We construe statutes to give effect to all of their provisions and will not render any word, phrase, or sentence meaningless or superfluous. Minn. Stat. § 645.16; Am. Family Ins. Grp. v. Schroedl, 616 N.W.2d 273, 277 (Minn. 2000). We "interpret each section in light of the surrounding sections to avoid conflicting interpretations." Schroedl, 616 N.W.2d at 277. We do not give effect to plain meaning if it will produce a result that is unreasonable or at variance with the policy of the legislation as a whole. Occhino, 640 N.W.2d at 360. And if a statute is ambiguous, meaning that it is susceptible to more than one reasonable interpretation, we discern legislative intent by applying other canons of construction, including consideration of the necessity and purpose of the law, the objective to be attained, and the consequences of a particular interpretation. Minn. Stat. § 645.16(1), (4), (6); Brua, 778 N.W.2d at 300; Schroedl, 616 N.W.2d at 277–78. A court may also be guided by prior judicial efforts to interpret a statute. Minn. Stat. § 645.17(4) (2012); Prior Lake Am. v. Mader, 642 N.W.2d 729, 737 (Minn. 2002).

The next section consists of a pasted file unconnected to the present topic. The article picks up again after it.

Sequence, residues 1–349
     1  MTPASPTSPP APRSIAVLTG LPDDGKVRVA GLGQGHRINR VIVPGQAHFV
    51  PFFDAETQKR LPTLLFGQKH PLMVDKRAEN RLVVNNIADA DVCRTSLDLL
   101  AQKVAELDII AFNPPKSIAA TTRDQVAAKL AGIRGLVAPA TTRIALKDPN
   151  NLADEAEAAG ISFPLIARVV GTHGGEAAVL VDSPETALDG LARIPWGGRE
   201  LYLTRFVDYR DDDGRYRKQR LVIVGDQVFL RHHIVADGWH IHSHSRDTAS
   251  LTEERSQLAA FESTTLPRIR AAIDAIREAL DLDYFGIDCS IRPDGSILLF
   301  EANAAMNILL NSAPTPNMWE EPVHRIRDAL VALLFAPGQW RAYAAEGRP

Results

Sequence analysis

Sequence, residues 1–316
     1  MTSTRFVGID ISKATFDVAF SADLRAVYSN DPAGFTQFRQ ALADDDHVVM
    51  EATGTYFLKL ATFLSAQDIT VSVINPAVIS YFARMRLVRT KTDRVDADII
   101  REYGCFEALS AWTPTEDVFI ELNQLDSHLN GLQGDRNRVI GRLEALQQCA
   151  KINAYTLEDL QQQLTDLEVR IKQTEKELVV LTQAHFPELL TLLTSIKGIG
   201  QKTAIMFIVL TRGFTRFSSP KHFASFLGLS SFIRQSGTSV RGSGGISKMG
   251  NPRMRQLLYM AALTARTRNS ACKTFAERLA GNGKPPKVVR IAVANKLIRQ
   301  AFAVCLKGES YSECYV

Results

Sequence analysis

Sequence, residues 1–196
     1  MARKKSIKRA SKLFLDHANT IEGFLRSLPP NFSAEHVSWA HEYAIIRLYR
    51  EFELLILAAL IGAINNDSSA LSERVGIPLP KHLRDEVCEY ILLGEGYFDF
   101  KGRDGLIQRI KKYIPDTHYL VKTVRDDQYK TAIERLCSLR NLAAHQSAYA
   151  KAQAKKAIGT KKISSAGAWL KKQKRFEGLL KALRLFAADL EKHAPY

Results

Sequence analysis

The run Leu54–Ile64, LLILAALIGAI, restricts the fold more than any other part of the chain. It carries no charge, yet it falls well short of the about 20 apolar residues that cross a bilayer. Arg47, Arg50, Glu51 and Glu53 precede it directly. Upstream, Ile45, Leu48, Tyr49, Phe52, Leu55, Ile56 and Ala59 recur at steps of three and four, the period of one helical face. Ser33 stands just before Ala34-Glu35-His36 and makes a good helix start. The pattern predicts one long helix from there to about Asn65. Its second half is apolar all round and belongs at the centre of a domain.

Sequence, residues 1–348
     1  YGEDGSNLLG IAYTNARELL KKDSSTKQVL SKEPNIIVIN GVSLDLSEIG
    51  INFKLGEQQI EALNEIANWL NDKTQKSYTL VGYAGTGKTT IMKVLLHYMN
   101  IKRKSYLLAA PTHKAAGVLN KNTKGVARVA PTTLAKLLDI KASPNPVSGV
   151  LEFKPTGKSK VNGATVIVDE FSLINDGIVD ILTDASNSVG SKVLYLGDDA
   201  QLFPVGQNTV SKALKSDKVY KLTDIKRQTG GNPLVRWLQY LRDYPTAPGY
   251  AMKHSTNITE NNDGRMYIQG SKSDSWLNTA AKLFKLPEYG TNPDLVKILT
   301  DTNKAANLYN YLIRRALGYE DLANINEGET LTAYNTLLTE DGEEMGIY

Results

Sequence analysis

The Minnesota guardianship statutes provide, in relevant part:

(c) The court may appoint a guardian if it determines that all the powers and duties listed in this section are needed to provide for the needs of the incapacitated person. The court may also appoint a guardian if it determines that a guardian is needed to provide for the needs of the incapacitated person through the exercise of some, but not all, of the powers and duties listed this section. The duties and powers of a guardian or those which the court may grant to a guardian include, but are not limited to: